Activists set up mirror sites to keep WikiLeaks online while PayPal suffers a DoS attack over its decision to cut off services to controversial whistle-blower site.
Lance WhitneyContributing Writer
Lance Whitney is a freelance technology writer and trainer and a former IT professional. He's written for Time, CNET, PCMag, and several other publications. He's the author of two tech books--one on Windows and another on LinkedIn.
Though it's in hot water with the U.S. government, WikiLeaks is being supported by online activists fighting to keep the site alive.
WikiLeaks is being propped up by a barrage of mirror sites created by activists following moves by Amazon to stop hosting its site and Domain Name System provider EveryDNS.net to cut off its DNS services, according to The New York Times. Such mirrors can replicate an entire Web site, ensuring that all content and documents remain online and accessible even if WikiLeaks' own site is taken down.
But some of WikiLeaks supporters are adopting a more hostile tone. On Saturday PayPal restricted access to WikiLeaks' account to prevent fund raisers from donating money to help the site. In return, the PayPal blog page that announced the decision to shut off WikiLeaks' account was taken offline for around eight hours last night by a distributed denial- of-service (DDoS) attack.
Experts at Panda Labs pointed to a statement from the "hacktivist" group Anonymous, which said that the PayPal blog would be the target of its first DDoS counterattack on behalf of WikiLeaks. Panda also cited comments from a Twitter account named AnonyWatcher, which released several statements related to the attack.
Twitter has also come under criticism from some who believe the microblogging site may be censoring trends devoted to WikiLeaks. Twitter trends reveal the most popular topics being tweeted. But Web site blogs such as OSNews, OSDir, Safety First, and StudentActivism.net have reported findings that terms such as #wikileaks and #Assange have not been trending nearly as heavily as they should given the amount of news and discussions surrounding WikiLeaks.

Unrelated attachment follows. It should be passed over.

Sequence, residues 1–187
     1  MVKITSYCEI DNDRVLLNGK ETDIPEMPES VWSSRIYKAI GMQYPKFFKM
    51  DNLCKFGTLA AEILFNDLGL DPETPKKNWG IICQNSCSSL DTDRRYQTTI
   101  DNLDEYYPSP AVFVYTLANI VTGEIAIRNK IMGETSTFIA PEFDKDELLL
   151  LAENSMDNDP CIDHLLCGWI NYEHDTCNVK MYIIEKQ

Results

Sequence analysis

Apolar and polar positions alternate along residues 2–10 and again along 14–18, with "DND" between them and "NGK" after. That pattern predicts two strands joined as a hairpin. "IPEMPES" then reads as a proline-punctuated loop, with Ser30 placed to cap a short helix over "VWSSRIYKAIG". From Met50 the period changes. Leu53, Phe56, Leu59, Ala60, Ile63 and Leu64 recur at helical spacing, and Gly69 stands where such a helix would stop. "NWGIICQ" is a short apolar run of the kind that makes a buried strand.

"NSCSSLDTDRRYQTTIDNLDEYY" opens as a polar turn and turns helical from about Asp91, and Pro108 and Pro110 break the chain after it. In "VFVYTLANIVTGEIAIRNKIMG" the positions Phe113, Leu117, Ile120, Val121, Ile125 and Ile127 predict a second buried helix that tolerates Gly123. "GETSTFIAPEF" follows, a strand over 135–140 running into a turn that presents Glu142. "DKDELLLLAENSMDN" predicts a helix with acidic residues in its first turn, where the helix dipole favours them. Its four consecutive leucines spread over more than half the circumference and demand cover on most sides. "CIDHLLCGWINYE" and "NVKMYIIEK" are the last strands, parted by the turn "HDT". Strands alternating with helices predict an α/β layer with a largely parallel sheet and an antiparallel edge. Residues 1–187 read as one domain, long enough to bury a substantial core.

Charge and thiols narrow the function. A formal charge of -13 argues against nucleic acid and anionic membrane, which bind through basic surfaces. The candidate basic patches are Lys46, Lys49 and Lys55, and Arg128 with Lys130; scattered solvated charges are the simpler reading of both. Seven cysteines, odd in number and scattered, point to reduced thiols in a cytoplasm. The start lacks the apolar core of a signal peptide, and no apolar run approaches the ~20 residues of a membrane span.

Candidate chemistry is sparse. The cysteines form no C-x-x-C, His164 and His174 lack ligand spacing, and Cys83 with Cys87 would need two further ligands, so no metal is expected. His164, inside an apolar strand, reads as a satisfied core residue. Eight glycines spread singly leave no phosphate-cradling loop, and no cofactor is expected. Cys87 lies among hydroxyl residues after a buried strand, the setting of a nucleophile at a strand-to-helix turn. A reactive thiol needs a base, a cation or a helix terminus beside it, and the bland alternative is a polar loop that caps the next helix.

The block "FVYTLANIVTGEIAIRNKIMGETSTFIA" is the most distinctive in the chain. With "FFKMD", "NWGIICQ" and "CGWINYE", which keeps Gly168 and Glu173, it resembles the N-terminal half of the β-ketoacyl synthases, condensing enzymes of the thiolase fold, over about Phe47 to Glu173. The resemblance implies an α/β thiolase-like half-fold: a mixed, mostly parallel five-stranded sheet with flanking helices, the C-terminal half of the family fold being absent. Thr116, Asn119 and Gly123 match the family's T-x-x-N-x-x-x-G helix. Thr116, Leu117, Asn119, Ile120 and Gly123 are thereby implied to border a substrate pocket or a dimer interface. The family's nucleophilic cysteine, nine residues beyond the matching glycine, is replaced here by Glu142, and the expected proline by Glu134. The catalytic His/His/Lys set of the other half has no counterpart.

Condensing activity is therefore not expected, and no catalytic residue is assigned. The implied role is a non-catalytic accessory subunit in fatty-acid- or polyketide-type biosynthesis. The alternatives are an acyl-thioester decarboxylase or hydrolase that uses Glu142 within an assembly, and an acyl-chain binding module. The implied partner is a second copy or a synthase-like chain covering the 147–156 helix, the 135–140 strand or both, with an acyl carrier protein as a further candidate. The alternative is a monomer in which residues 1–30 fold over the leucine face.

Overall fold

In response to such criticism, someone identifying himself as Twitter engineer Josh Elman e-mailed Angus Johnston of the StudentActivism.net site to defend his company saying that "Twitter hasn't modified trends in any way to help or prevent WikiLeaks from trending."
Trying to explain the absence of WikiLeaks in the top trends, Elman said that topics related to WikiLeaks are showing up in the company's trends dashboard, but aren't hitting the top ten. "While I personally feel this is a very important topic, that doesn't mean it's as widespread across the Twitter user base," Elman told Johnston by e-mail.
WikiLeaks, which has been in trouble with the U.S. government before, has come under intense fire lately over its release of classified and in some cases embarrassing U.S. State Department documents. While activists have been spurred to fight for the site, government officials have been up in arms, with several calling for WikiLeaks to be classified as a terrorist group.
And what of WikiLeaks' founder Julian Assange? The U.S. government is demanding his head on a platter over the leaks of sensitive information, while Sweden still wants him on charges of sex crimes. But he may yet find refuge in his own country of Australia. The country's attorney general Robert McClelland said today that Assange would be allowed back in Australia and would be accorded the same protections given to any other citizen, according to CNN.
In making the offer public, McClelland was responding to comments from Assange last week that Australia would not only prevent him from returning home, but that the nation was working with the U.S. government to attack WikiLeaks.